Illustration for an article on how the Process can be used to teach us about marketing
August 6, 2019 by Mark Brownlee

Fast break marketing: Lessons from the NBA’s “The Process”

The Philadelphia 76ers are the greatest team to ever play basketball.

Why?

All because of something called “The Process”.

The Process was the smartest thing an NBA team has ever done.

And, luckily for us marketers, there are important lessons for helping us to connect with audiences.

First, what is “The Process”?

You might not know about basketball or the Philadelphia 76ers. But if you’re here, you probably care about marketing.

Thankfully, The Process has a lot of lessons for marketers.

For a long time, the Sixers were caught in the NBA equivalent of purgatory: Not good enough to compete for a title, just good enough to move out of the prime draft spots that could provide them with an impact player.

So Sam Hinkie, the Sixers general manager and father of The Process, did the logical thing. He purged the team of all its assets and turned them into draft picks.

This did two things:

  1. It gave the team more assets (draft picks) and flexibility (cap space) that would benefit them in the future.
  2. It made the team that was playing on the court bad. Like REALLY bad. That meant the team was more likely to get high picks in the draft.

It meant the team was giving up on winning in the short term for a shot at building a team that would win in the long term, year in and year out.

And here’s the thing: It worked. Hinkie (despite being, sadly, forced out as GM) turned The Process into two of the NBA’s best players – Joel Embiid and Ben Simmons.

The team is now a perennial contender in the Eastern Conference and, save for four fluke bounces on a rim in the second round last year, potential NBA champion.

Well, I hear you saying, that’s all well and good for the NBA. But it doesn’t apply to me, right?

WRONG.

Here are the three ways the principles of The Process can help you create better marketing campaigns.

Putting The Process to work in marketing

Process over results

How it worked for The Process

Focusing on process over results is one of the fundamental tenets of The Process. Like, Sam Hinkie descending from on high with stone tablets type of stuff.

Basically the idea is this: If you follow the right process, the results will eventually follow.

That’s why Hinkie knew that getting hung up on losing in the short term was a waste of time.

Instead he left the focus where it belonged – on building a winner for the long-term.

Why it matters in marketing

It’s easy to get wrapped up in chasing “vanity” metrics when designing marketing campaigns.

But it’s important to keep the focus where it matters most: On making an impact with your audience.

Just as Sam Hinkie didn’t worry about a couple of losing seasons that led to more fruitful ones, you shouldn’t worry about underperforming metrics if you’re still hitting on the metrics that matter most to you.

If you’re going to compete, be the best

How it worked for The Process

A key element of The Process was that being mediocre was the worst place in which you could possibly be.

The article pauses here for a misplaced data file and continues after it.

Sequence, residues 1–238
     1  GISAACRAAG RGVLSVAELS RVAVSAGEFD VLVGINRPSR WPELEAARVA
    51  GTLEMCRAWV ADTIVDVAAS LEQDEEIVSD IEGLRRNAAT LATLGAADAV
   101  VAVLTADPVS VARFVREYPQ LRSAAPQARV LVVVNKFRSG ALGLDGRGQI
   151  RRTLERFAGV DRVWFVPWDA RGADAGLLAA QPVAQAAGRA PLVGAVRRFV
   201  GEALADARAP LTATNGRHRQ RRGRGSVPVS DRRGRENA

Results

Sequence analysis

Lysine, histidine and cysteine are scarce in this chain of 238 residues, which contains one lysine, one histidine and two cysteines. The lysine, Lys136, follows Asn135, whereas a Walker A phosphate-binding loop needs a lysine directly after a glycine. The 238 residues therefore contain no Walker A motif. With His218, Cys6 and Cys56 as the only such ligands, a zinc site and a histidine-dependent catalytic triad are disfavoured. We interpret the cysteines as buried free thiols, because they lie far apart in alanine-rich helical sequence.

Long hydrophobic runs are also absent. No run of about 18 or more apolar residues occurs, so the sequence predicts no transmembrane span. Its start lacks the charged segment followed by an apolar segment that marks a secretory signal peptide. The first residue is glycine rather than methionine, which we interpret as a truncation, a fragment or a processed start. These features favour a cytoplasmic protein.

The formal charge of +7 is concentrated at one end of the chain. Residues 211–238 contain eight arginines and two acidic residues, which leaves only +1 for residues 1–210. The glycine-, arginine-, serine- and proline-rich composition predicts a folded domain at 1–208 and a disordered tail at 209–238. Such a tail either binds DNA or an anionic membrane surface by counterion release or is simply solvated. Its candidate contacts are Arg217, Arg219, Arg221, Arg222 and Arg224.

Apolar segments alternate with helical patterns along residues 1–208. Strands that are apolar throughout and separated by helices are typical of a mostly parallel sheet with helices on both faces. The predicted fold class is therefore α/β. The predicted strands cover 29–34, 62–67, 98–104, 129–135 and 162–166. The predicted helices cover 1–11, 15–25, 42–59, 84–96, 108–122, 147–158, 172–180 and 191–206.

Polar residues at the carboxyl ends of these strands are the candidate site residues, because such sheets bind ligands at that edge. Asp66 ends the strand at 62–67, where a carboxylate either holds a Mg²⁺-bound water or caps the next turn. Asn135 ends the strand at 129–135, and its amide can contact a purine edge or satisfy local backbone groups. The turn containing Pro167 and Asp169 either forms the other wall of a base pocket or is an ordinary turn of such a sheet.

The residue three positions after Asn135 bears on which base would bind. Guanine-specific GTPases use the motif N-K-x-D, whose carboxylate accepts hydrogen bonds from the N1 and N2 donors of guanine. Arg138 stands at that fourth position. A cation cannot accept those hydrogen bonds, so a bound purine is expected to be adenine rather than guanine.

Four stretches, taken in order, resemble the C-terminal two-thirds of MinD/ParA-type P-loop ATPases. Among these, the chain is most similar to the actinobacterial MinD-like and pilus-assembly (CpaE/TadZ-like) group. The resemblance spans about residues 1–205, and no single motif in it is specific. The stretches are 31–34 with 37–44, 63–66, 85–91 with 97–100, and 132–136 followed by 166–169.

You weren’t good enough to actually compete for championships, but you also weren’t bad enough to accumulate the assets that would help you one day compete for a championship.

Why it matters in marketing

A great marketing campaign is, of course, the goal to which we all aspire.

But inevitably there are going to be bad campaigns as well. Good marketers always find a way to learn lessons from them.

If you’ve run a bad campaign, learn from your mistakes so you can be good the next time.

Stars matter

How it worked for The Process

Stars like LeBron James, Kevin Durant and Kawhi Leonard dominate the NBA.

They overshadow the league’s collective consciousness with huge sneaker deals and salaries while earning their teams championships year after year.

The problem? There are only so many to go around and they are next to impossible to recruit to cities that aren’t named Los Angeles or New York. Or, in the case of Toronto, keep them there.

What’s more, stars tend to congregate around other stars. That means that if you don’t already have one, it’s tough to get another one to join you.

The whole idea behind The Process was to get enough draft picks that the Sixers would be able to find and develop their own stars.

These would then make it that much more likely that other stars would want to join in free agency.

Why it matters in marketing

Sometimes, it’s not all about volume.

With marketing campaigns (particularly in the social media age) we are frequently obsessed with growth. Getting a larger number of followers. Qualifying more leads. Earning more website visitors.

But we don’t always need to worry so much about volume.

The problem with the NBA is that having a team of league-average players is not enough to build a championship team. You need superstars to be able to win.

The same is true for marketing. The right audience members will always be the superstars you need to have on your team. Everyone else? They’re just not as important – even if you have more of them than anyone else.

The fact is that certain members of your audience are going to be more important.

If you’re in business-to-business marketing, there are key accounts (and key people within those accounts) that matter more than others.

If you’re in influencer marketing, picking out the right influencers is paramount.

Conclusion

The Process isn’t just for basketball.

It can also help marketers achieve their goals of connecting with audiences.

Mark Brownlee is a digital marketing strategist in Ottawa, Canada.

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